Environmental Health Division Raises Awareness of Animal Attacks

Armen Hareyan's picture
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Springtime traditionally brings with it an increase in outdoor activities. Unfortunately, it also brings a noticeable increase in the number of animal bites reported to Dallas County Health and Human Services (DCHHS). DCHHS wants the citizens of Dallas County to be aware of simple precautions that can prevent them from becoming animal bite victims.

"It's important to educate parents about their children's awareness of stray animals and to teach them the signs of an aggressive animal," states Tony Jenkins, Dallas County Health and Human Services Assistant Director of Environmental Health. "It is also important not to allow children to agitate or tease animals," Jenkins continues.

Along with proper vaccinations, having your pets spayed or neutered also reduces the risk of pets straying
and exposure to animals that may be rabid. This also cuts down on the unwanted pet population. The unincorporated areas of Dallas County need to be especially mindful of wildlife and allowing their pets to roam freely.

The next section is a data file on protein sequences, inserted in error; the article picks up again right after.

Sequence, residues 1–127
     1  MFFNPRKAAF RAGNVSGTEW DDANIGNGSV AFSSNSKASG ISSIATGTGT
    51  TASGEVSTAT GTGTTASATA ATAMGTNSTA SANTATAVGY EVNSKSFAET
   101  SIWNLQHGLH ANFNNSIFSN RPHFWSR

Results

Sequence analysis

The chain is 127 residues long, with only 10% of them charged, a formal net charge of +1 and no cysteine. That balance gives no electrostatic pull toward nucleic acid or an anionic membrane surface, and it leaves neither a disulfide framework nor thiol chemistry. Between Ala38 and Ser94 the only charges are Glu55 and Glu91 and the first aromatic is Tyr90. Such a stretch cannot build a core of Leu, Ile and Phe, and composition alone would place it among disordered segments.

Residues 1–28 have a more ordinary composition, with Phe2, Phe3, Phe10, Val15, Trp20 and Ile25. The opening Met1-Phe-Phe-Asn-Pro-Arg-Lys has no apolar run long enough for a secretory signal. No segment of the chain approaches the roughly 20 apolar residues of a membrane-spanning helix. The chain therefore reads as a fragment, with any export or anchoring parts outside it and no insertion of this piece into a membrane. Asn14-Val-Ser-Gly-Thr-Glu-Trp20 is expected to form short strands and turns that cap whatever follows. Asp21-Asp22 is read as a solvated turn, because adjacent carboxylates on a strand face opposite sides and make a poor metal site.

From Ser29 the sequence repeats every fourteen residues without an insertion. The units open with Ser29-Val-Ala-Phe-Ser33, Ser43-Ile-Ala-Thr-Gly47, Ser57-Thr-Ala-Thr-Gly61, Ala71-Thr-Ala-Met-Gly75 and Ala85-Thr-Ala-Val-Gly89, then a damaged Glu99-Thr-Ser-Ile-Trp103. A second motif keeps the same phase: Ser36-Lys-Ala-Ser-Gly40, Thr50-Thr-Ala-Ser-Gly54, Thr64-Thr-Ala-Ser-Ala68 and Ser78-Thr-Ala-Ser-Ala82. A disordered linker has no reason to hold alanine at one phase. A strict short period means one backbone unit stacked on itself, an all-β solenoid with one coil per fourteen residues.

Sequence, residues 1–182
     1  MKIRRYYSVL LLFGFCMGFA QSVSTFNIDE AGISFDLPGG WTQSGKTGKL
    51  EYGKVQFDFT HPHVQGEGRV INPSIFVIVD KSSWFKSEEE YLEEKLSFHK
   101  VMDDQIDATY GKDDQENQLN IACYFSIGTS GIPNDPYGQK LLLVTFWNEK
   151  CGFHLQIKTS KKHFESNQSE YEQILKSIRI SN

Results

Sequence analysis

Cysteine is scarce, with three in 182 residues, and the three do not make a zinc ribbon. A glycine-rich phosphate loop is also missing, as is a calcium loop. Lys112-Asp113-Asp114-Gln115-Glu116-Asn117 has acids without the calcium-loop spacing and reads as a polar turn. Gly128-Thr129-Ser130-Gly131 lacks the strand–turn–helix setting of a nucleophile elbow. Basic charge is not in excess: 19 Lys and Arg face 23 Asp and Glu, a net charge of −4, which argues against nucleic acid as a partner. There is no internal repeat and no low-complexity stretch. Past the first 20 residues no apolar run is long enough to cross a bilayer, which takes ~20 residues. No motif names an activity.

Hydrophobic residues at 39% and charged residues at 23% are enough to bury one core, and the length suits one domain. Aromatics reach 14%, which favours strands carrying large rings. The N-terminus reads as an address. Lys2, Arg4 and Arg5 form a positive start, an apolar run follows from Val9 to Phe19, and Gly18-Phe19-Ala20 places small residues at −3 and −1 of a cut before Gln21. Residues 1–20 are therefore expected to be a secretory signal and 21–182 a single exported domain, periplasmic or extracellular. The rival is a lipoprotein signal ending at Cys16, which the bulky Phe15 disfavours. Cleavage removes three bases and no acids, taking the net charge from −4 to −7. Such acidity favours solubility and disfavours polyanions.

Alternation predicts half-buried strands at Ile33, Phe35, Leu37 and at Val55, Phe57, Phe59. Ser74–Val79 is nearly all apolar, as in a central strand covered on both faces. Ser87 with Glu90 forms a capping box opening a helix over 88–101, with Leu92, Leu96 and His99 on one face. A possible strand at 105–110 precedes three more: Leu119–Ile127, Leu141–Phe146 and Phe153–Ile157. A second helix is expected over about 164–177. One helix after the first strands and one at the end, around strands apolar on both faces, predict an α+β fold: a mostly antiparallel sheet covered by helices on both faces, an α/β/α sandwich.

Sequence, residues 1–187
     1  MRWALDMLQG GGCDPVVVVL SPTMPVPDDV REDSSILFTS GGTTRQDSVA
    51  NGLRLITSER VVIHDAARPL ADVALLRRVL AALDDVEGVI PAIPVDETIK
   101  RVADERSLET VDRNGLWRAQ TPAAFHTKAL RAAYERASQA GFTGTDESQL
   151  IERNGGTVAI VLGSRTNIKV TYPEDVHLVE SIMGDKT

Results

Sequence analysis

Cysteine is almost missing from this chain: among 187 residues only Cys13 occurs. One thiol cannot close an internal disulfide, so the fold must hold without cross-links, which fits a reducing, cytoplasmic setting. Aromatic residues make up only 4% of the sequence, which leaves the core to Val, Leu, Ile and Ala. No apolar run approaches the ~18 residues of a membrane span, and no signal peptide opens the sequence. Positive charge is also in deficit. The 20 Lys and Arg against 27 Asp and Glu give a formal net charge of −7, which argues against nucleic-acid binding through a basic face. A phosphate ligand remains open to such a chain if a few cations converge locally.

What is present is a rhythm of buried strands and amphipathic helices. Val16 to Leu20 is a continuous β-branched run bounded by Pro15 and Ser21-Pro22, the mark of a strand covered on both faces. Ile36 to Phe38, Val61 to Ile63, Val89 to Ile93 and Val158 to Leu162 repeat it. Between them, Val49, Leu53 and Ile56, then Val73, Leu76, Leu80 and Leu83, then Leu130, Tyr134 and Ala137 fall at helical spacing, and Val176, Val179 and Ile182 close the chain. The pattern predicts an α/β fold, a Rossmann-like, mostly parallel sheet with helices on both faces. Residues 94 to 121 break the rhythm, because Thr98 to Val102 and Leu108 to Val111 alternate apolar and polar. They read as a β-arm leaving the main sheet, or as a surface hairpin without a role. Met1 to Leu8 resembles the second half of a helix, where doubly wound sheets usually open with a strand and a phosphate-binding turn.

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"Dogs bites are a serious health problem that inflict both physical and emotional damage to the victim,"
said Zachary Thompson, DCHHS Director.

DCHHS has Animal Control officers on call 24hours a day to respond to calls. Assisted by the local Sheriff's Department, these officers handle all animal incidences in the unincorporated areas of Dallas County.

Armed with tranquilizer syringe poles, dart guns and catchall poles these officers risk exposure to attacks in order to capture and reduce the risk from animal attacks throughout Dallas County. The animals are then sent to animal shelters. Precautions are taken to avoid harming the animals in their capture while protecting the animal and themselves.

DCHHS advises citizens to be alert to any aggressive behaviors in domesticated animals or changes in the patterns of wild animals that don't normally approach humans or populated areas. For more information on
animal control, please contact DCHHS Environmental Health Division at (214) 8192115, visit www.dallascounty.org.

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